Sexual Harassment Disaster Puts “Good Men” in a Quandary

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An unfortunate – albeit unintended -- consequence of the sexual harassment catastrophe in Hollywood, in state Capitols and across the country is that “good men” – meaning those that have not mistreated, harassed or otherwise degraded women – are starting to retreat to their own corners.

An article in the New York Times sums it up well: “What we’re seeing now is men are backing away from the role that we try to encourage them to play, which is actively mentoring and sponsoring women in the workplace,” said Al Harris, who has been running workplace equality programs and writing on the topic from Chicago with his partner, Andie Kramer, for many years. “There’s apprehension on the part of men that they’re going to be falsely accused of sexual harassment.”

It’s a slippery slope. On one hand we need to send the message loud and clear that ANY sexual misconduct, harassment, or degradation of women is completely unacceptable. But at the same time we don’t want to discourage men who genuinely are working hard to support and advance women in the workplace in an appropriate and respectful manner.

In her Upshot column in the New York Times Claire Cain Miller reports “In interviews, the men describe a heightened caution because of recent sexual harassment cases, and they worry that one accusation, or misunderstood comment, could end their careers. But their actions affect women’s careers, too — potentially depriving them of the kind of relationships that lead to promotions or investments.

In fact, some characterize the issue as disastrous for both women and men. An article in USA Today reads “You can’t win,” says a Hollywood insider unwilling to speak publicly because of the sensitivity of the topic. “The guys who are shutting up are being accused of being accomplices. The guys who speak are being accused of being liars. It’s gotten a little McCarthy-esque out there.”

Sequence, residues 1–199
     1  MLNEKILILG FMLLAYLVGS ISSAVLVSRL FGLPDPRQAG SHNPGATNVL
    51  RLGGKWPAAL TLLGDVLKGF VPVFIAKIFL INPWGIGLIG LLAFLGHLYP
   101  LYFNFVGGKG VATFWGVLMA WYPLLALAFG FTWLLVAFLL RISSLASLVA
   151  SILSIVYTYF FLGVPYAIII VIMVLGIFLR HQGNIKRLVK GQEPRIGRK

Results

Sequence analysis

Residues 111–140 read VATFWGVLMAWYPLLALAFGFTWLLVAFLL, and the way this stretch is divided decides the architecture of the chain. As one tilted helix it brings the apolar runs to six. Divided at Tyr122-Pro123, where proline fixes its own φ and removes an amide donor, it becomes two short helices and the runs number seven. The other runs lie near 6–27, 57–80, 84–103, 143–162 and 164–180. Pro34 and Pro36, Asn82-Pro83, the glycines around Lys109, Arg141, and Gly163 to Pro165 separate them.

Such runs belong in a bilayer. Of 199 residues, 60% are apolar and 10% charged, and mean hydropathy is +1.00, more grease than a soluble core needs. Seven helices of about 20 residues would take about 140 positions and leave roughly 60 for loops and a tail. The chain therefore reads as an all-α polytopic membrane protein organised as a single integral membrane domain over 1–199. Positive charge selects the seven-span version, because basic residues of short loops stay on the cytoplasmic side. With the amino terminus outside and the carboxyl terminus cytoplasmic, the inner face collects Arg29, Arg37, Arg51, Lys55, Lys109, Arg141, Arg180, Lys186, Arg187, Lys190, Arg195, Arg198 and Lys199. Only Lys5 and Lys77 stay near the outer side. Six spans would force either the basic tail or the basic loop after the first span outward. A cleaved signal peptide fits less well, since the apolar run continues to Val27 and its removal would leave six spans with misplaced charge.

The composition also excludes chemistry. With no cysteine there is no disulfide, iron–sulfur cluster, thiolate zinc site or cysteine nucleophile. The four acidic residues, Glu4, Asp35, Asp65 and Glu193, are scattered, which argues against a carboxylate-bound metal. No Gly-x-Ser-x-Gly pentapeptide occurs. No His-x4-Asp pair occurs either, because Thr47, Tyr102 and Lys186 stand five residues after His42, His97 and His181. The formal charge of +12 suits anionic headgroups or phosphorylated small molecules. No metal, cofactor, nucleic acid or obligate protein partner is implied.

What can we do?

In addition to encouraging relationship building during work hours and in public places there are some simple things both men and women can do to isolate and call out the bad actors and at the same time encourage the good ones.

  • “Good men” can share their stories highlighting how they have appropriately mentored, sponsored or coached women in their career development and pursuit of leadership opportunities. They can be an instrumental part of leading the change by creating and promoting a positive and healthy working environment for both women and men.
  • Likewise, women can share their stories about men who have upheld a zero tolerance policy and have advocated and supported them. It’s important for both men and women to feel respected and appreciated and men who have consistently fought for more gender diversity should be recognized.
  • An article in the New York Times offers an interesting idea: “another way is for companies to explicitly support relationship-building meetings. Some companies, for instance, have designated a certain restaurant where senior leaders take protégées for breakfast or lunch. “Once you see it happening out in public, then it becomes the norm,” said Laura Sherbin, director of research at the Center for Talent Innovation.”
  • Lastly, men should know that it’s okay to ask for guidance. I just had a conversation with a former male MBA student who reached out to me on LinkedIn asking for assistance as he was tasked with starting a men's group in his company to deal with sexual harassment in the workplace.

While I certainly wish it was not an issue I am glad that so many women have come forward to detail the pervasive problem of sexual harassment and misconduct. I’m hopeful that their stories will lead to a massive cultural change. I’m also hopeful that “good men” will feel empowered by this discussion and not embarrassed as it is imperative that they teach the future generation of leaders how to be ethical workers who have integrity and utmost respect for their female (and male) colleagues.

Dr. Bernice Ledbetter is Practitioner Faculty of Organizational Theory and Management at Pepperdine Graziadio School of Business and Management where she chairs the M.S. in Management and Leadership degree program. Her research and teaching interests focus on values-based leadership, peace leadership, and gender. Dr. Ledbetter founded the Pepperdine Center for Women in Leadership to empower and advance women in the workplace.

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